My husband and I had a wedding and a legal ceremony within a week of each other back in 1989. We have been married 22 years and each other's lives for 26. It has been a trip, but one worth taking. I like to say, I may not have been to paradise, but I most definitely have been to me. I grew to be the strong confident, capable black woman that I am because I stayed in my marriage.
My husband proved my theory that he has been acting out like a little child seeking attention all these years. He's been trying to get me to do to him what others have and that is give up on him. I asked him, "What is the most surprising thing about me you've learned?" He said, "How diligent you are. Do you ever give up?"
To be honest, I was still shocked by the statement. Even though I had theorized he was wanting me to quit, so he could, I didn't let that stop me from being the winner I am. I refuse to fail and like I told him, I don't spend too much time pursuing things, people, are opportunities that I feel I have little change of obtaining. I am a person who is solid in her convictions. I believe strongly in the importance of knowing what you want, going after it and appreciating it once you get it.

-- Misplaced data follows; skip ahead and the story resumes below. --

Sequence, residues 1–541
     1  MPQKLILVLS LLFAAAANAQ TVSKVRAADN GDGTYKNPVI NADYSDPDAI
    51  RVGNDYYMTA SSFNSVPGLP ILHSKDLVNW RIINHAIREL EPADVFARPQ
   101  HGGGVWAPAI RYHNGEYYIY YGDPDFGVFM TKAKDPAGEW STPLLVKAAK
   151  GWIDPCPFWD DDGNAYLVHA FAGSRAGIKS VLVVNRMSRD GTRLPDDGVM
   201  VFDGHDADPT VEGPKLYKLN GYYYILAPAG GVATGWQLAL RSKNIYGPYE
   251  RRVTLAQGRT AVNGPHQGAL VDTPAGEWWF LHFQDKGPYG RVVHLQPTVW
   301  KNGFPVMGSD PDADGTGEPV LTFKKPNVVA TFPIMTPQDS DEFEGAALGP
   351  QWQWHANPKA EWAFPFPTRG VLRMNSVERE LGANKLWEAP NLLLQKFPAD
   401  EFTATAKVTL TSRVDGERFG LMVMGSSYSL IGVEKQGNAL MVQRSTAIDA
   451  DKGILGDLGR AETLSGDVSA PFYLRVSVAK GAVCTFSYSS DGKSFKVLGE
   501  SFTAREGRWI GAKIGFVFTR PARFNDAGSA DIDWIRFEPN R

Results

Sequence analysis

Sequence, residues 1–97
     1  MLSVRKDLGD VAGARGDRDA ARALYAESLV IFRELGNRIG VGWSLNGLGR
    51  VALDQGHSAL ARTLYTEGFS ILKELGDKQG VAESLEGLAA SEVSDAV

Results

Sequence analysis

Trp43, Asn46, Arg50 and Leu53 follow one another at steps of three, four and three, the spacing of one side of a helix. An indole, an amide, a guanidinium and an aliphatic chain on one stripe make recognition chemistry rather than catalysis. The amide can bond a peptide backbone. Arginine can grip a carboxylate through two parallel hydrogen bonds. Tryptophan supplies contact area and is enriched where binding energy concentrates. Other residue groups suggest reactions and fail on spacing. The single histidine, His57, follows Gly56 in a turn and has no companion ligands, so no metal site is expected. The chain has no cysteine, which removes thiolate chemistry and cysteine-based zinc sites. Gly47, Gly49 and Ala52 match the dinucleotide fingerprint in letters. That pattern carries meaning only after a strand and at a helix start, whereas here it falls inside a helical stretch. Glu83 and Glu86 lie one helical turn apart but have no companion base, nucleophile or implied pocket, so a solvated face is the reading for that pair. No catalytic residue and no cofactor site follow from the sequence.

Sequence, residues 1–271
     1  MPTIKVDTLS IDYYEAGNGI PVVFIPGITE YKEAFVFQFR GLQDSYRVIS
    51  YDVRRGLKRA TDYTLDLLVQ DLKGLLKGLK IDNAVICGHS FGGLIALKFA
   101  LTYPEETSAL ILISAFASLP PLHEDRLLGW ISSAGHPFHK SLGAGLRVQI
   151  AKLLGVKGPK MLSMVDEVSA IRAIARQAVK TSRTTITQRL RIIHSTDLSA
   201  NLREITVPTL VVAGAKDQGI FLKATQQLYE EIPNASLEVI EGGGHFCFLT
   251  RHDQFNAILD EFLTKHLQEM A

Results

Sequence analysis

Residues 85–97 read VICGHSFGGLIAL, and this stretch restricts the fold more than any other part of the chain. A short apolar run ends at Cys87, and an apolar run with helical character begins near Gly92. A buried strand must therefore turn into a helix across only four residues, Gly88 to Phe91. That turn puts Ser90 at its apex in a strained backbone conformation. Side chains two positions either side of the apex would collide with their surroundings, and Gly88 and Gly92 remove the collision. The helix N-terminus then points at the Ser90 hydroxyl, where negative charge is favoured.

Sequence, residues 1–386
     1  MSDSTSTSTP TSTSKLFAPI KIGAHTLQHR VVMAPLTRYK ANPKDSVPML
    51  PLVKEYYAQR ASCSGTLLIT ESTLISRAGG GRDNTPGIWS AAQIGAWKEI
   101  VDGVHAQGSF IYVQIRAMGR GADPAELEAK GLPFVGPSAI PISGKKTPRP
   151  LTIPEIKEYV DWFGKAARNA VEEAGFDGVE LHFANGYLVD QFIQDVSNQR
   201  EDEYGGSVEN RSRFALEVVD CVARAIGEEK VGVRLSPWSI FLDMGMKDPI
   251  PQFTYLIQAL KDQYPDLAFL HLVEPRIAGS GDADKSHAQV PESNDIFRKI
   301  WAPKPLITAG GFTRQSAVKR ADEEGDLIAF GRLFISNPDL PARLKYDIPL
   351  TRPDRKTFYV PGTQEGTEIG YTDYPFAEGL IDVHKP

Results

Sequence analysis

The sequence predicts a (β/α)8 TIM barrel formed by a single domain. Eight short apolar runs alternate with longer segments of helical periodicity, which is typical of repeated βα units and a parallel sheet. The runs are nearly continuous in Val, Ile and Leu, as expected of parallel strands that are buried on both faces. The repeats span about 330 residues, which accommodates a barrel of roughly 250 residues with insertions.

He is a quitter, even a loser in the eyes of many. He has spent most of our relationship in awe of me, I'd even venture to say being jealous of my ability to persevere. He wants to me give up, so he can. He often tells me if it weren't for me, he would probably be dead. For me, that is enough incentive to stay solid and be a model for integrity and tenaciousness he so desperately needs. I am a winner. Even when I lose, I win because I know that what was perceived to be a lost, wasn't meant for me in the first place.
His statement made me feel proud. I am proud that I have been able to be consistent with one person to the point of disbelief. If no one else knows, he knows I am dedicated, loyal, honest, capable, and willing. He knows I will go the extra and a half mile.
It has been said that no one can survive without some delusions. That man/woman has to have some sort of distorted view of something to hold to hope for something better. If this is true, I'm delusional in my marriage and I'm okay with that. I know it will never be exactly what I had hoped it would be. I got that. I also know that there was no way for me to know how it would turn out. Looking back, I'm grateful for the opportunity to be his wife and to know that I am making an impact on him that has is changing him for the better everyday.
He has helped me change too. I'm not the same girl I used to be either. I am a much better wife than I could have imagined being. After 22 years of marriage, I'm ready for another 22.